Historical Overview

A historical account of the Palestinian rights struggle from the late 19th century to present day


Indigenous People & Emerging Nationalism

Around the mid-to-late 19th century, a distinct Palestinian identity and political consciousness began to form. This section goes through the development of Palestinian nationalism and the formative impact of Zionism and early Jewish settlement in historic Palestine on the political fate of Palestinians. This section touches on Mandate Palestine, the Balfour Declaration, and Palestinian resistance to colonial rule.


& Occupation

1948 marked the fundamental moment of rupture for the Palestinian people, as the establishment of the State of Israel led to their fragmentation and expulsions of massive numbers of Palestinians from their homes and land, leading to the refugee crisis we still see today. This marked the beginning of the dispersal of Palestinians into multiple geographies and systems of administration. This section outlines the key details of this moment, as well as the formation of the Palestine Liberation Organisation (PLO) and the war of 1967, which led to what we know today as the occupation of Palestinian territories by Israel.


& Representation

In the decades following the 1967 War and the beginning of the occupation, Palestinians waged an armed struggle which they articulated within the context of Third World anti-colonialism. This section goes through the tumultuous journey that the PLO and Palestinian politics took during this period, including the First Intifada which saw Palestinians rise up against the Israeli occupation. This led to the beginning of the so-called “peace process”, as the PLO accepted the reality of the State of Israel and agreed to negotiations amidst rising tensions on the ground. The Oslo process which followed led to a new era in Palestinian politics.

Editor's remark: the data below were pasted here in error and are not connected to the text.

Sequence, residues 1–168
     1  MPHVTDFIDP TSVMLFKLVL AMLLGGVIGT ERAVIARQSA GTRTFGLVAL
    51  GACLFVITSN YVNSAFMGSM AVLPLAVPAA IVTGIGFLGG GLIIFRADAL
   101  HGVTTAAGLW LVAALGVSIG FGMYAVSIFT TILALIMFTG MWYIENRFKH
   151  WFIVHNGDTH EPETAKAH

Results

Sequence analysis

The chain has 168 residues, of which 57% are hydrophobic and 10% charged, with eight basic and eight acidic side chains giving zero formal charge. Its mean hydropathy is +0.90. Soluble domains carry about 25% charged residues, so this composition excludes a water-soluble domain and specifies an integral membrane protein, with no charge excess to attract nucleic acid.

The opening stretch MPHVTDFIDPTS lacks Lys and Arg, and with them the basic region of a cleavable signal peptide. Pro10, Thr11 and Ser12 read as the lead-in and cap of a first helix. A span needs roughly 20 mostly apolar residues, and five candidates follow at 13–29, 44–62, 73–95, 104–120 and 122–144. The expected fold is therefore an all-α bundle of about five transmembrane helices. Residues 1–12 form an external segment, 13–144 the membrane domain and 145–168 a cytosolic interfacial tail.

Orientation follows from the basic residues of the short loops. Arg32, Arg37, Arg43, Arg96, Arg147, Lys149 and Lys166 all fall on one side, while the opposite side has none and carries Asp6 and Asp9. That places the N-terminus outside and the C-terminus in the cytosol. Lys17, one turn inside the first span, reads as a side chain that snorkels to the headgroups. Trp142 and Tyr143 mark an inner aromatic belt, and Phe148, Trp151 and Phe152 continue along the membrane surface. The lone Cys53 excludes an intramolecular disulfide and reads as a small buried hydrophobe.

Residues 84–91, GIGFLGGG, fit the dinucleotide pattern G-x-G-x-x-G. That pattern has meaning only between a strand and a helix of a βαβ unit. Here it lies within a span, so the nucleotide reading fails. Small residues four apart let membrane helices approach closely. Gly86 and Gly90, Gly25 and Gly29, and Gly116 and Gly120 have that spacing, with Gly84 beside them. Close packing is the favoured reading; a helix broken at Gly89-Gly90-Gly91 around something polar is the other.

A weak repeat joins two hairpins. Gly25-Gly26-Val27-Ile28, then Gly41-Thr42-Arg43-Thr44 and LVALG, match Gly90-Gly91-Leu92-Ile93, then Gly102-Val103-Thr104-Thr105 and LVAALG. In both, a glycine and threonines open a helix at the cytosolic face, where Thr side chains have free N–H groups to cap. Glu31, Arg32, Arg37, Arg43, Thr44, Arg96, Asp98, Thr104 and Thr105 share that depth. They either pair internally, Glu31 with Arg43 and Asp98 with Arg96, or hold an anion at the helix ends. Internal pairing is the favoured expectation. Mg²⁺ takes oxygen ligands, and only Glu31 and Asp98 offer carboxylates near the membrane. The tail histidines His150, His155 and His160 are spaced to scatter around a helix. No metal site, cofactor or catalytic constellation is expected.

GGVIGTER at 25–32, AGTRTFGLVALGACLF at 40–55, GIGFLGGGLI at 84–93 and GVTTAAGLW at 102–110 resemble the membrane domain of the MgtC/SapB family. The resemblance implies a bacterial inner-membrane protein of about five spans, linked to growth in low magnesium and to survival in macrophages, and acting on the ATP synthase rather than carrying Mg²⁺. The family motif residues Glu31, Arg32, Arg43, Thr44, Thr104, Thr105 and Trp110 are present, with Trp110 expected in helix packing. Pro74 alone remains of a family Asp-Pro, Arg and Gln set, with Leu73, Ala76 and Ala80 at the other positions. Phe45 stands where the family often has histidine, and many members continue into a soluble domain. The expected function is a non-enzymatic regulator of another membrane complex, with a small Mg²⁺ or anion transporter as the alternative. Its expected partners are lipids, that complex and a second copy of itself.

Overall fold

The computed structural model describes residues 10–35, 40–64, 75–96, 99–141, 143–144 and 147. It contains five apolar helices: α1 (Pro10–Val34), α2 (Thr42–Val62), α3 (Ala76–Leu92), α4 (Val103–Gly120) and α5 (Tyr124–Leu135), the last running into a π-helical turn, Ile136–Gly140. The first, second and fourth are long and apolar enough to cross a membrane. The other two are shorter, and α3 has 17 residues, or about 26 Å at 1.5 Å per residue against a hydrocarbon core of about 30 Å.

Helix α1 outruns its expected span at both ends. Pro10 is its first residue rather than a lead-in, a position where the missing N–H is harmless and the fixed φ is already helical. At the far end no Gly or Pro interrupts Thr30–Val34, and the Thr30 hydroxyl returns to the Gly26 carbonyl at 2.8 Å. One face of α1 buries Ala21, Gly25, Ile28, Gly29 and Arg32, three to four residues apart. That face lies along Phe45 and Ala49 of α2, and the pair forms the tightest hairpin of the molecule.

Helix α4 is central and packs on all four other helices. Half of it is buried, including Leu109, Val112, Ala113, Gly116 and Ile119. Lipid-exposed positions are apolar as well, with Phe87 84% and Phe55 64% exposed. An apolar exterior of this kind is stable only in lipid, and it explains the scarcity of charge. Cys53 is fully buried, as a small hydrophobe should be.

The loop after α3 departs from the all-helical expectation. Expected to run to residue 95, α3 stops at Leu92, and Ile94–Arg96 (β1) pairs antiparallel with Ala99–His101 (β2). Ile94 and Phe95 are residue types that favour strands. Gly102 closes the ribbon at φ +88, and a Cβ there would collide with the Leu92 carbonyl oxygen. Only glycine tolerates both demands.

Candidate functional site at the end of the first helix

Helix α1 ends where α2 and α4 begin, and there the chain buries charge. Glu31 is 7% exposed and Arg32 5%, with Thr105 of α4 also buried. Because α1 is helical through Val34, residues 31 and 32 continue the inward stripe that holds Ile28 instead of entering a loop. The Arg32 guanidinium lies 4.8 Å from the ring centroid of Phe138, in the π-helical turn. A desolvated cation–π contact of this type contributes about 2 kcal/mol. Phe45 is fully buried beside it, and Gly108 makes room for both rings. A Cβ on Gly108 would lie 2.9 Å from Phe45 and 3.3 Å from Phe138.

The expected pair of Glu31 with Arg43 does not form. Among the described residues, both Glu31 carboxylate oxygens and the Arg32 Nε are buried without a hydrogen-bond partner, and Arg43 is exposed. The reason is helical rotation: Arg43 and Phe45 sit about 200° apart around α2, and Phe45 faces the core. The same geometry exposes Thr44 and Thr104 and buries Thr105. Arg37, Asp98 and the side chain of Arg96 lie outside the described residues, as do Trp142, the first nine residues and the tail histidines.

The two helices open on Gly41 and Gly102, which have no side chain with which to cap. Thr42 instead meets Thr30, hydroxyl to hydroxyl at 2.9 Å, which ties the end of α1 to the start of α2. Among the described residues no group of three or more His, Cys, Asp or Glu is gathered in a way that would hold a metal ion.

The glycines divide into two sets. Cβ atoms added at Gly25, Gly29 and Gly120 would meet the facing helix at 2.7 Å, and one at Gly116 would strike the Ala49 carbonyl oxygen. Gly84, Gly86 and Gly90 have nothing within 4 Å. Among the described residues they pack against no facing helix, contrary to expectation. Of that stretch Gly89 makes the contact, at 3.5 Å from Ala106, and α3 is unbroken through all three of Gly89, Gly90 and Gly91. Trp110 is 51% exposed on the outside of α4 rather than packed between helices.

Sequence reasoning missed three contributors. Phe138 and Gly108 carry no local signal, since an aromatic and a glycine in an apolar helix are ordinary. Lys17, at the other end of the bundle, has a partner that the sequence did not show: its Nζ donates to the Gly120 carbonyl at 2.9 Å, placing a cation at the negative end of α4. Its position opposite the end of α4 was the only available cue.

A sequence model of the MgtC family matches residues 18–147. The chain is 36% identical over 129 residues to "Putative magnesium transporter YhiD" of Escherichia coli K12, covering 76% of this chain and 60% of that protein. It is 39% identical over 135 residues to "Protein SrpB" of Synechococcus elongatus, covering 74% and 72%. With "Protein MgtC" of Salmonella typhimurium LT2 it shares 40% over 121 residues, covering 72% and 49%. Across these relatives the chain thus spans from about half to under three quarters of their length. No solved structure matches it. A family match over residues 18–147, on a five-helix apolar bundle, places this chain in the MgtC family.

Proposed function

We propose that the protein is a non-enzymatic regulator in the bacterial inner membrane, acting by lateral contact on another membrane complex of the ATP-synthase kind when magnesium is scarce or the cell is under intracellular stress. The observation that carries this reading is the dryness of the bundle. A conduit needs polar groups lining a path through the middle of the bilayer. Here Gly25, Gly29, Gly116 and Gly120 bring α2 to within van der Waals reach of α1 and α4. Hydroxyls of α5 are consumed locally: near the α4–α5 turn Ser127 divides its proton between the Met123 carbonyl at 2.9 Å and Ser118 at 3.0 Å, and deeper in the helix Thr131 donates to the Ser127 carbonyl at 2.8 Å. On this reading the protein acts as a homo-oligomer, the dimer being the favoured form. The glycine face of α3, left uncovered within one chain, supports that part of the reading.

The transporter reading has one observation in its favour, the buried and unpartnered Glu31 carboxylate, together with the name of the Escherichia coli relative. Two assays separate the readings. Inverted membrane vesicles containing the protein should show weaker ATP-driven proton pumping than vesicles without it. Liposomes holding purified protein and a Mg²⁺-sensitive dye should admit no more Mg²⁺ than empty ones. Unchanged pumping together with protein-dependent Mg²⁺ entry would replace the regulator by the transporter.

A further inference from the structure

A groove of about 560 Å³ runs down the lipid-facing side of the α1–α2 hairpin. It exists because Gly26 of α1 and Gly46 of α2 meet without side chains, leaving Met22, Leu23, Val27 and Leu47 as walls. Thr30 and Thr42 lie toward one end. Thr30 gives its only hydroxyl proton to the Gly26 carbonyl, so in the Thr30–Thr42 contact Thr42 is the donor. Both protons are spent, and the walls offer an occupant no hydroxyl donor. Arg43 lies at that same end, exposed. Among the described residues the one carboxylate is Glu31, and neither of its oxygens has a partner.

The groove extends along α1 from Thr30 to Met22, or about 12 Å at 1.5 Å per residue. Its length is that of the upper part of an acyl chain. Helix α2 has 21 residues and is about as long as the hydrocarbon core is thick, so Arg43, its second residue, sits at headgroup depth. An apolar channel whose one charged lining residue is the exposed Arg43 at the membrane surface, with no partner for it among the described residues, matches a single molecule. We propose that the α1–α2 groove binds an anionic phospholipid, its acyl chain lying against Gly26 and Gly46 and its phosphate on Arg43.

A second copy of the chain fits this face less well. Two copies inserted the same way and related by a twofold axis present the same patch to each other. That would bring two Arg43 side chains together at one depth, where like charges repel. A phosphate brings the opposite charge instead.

2000 to Today

Peace Process
& Post-Oslo Era

As the Oslo process merely served to further entrench Israeli rule in the occupied territories, the Second Intifada began in response. Far more militarised and violent than the first, this uprising saw the rise of new Palestinian groups such as Hamas. This section looks at the subsequent post-Oslo reality in which Palestinians find themselves: an intense blockade of the Gaza Strip, settlement expansion in the West Bank, and the continuing denial of the right of return for Palestinian refugees.

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